Typical Matsumo characters/Maetel and Tetsuro from Galaxy Express 999
By the mid 70’s we have reached the era of Leiji Matsumoto. He produced three major series, and his cartooning style is unmistakable. It features tall, willowy women, usually with hair hanging down to their knees. Beside them he may place one male hero, skinny as a teenager, but tall enough to look the women in the eye. The rest of the world is filled with potato people. Potato people stand—at best—half as tall as the beautiful ladies. They are round, large-nosed and beady-eyed. They are—I presume—intended as comic figures, but they don’t actually look like the same species as the hero and all the ladies. And, indeed, many of the ladies turn out to be aliens at the end.
Galaxy Express 999
I’ll start with Galaxy Express 999, not because it’s first (it didn’t come out until 1978) but because it is the strangest, and I speak from long experience with the strange. The story is straightforward enough. Sad little orphan potato boy, Tetsuro Hoshino, travels with the mysterious and beautiful Maetel, seeking a robot body for himself, impervious to pain and death.
But their journey borders on the surreal. On their way to their destination at the center of the galaxy, they stop at a different planet every day, each weirder than the last, and there are a hundred planets for them to stop at. And what vehicle are they traveling on? A train! An old time passenger train, with a smokestack, riding on rails! Each time they leave a planet, they climb up a long, steep track, and then launch themselves into space. From there on in, this silly little choo choo flies through a dark, star-studded sky, past whirling planets and spinning nebulae, spouting little puffs of smoke out of its stack. It’s on a very strict schedule, and cannot wait for a passenger who stepped off at the station to stretch their legs, although Tetsuro and Maetel appear to be the only passengers aboard.
I can’t in honesty recommend you sit through the entire run of 113 episodes, but you are doing yourself a grave disservice if you deny yourself the sight of that little train chugging up the track toward the stars. Much of it (maybe all) is on YouTube and the whole series is available at Amazon. (It’s also on Crunchyroll, as are most of the shows I mention, but I hesitate to suggest you rely on that as a source, unless you are committed user.)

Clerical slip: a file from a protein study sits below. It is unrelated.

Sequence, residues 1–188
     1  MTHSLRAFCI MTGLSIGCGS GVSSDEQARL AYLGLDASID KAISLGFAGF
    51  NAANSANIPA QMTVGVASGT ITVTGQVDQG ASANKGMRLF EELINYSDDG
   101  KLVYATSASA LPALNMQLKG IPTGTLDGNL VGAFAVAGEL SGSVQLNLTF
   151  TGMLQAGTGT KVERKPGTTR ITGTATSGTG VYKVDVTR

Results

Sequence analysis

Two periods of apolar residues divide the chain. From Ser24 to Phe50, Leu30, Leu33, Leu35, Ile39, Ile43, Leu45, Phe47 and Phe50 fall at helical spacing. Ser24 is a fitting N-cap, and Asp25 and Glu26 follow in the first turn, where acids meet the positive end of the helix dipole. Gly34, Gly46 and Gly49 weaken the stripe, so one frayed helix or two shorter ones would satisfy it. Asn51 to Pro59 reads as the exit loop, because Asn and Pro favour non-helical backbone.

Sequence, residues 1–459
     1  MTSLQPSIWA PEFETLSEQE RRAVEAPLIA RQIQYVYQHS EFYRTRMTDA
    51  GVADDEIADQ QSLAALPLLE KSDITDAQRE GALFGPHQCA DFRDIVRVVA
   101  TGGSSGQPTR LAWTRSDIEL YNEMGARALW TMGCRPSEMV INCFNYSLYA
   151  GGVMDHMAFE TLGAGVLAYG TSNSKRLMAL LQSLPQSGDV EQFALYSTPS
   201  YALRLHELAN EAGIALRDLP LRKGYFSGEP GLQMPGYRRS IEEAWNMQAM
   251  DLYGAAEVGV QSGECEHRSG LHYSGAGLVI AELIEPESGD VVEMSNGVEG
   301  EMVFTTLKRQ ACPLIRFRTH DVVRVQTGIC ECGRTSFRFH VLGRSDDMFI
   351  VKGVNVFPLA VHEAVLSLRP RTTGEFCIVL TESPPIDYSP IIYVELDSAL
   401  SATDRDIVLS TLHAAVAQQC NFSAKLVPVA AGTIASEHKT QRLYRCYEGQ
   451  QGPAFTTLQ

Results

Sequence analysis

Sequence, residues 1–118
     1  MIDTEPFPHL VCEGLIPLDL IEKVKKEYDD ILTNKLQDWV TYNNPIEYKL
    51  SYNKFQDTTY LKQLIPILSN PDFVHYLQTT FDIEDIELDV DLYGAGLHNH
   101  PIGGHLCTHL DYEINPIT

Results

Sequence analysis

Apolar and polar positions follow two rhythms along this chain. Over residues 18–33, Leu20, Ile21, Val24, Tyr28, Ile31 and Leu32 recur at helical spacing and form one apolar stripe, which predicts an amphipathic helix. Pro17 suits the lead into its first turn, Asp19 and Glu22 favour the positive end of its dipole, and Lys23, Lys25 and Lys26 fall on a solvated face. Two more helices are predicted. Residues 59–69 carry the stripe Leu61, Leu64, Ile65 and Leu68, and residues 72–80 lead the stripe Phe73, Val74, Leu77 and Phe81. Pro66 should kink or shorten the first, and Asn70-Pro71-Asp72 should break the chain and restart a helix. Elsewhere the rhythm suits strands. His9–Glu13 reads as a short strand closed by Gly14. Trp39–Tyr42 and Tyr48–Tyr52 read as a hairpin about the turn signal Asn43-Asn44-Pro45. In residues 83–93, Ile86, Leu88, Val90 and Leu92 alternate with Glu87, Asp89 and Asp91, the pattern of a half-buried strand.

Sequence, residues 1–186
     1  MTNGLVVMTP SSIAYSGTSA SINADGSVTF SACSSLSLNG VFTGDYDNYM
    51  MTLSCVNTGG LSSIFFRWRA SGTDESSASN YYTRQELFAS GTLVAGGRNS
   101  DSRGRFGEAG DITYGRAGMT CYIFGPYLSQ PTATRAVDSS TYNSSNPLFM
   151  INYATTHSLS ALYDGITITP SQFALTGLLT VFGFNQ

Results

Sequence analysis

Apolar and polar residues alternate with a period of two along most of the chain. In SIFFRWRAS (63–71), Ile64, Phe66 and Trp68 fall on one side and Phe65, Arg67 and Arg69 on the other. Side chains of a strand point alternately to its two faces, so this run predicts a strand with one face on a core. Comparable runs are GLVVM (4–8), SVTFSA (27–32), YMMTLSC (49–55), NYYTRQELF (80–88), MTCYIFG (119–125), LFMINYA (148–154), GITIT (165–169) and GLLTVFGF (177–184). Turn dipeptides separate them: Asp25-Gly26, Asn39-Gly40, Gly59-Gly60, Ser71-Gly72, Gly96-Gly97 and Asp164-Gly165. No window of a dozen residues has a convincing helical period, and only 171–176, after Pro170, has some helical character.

Stepping back to 1974, we find Space Battleship Yamato (or, in the 1979 American release, Star Blazers). Feelings are mixed on this one, although it is seminal. Many Americans find it . . . startling, at best, to see a sunken World War II battleship resurrected as a starship. (Remember, this is before Galaxy Express 999, so the stage has not yet been set for bizarre spacecraft.)
As Americans, we don’t think much about how the Japanese may look at WWII. They were wrong and they lost. End of story. But the Japanese don’t see it quite that way. The original Yamato, and her sister ship Musashi, were the largest battleships ever built in history. Her last sortie was a suicide mission during which she took astonishing punishment before going down in April of 1945. As such, she was a symbol of martial courage and endurance, and the Japanese love and honor her memory. So they were thrilled when an animé adventure series raised her from the deeps and sent her on to the stars. So thrilled, that when the first movie (of many) derived from this show opened in Japan in 1978, it outdrew the new Star Wars movie.
In 2199, Earth is attacked by aliens, devastating the planet and leaving the surface uninhabitable. Humanity has been forced to retreat into deep underground cities, but the radioactivity is leaching in, and the human race faces extinction within a year.
But all is not lost! A mysterious crashed spaceship yields blueprints for a ‘wave-motion’ faster-than-light star drive, plus a message from Queen Starsha of the planet Iscandar who promises she can help restore Earth.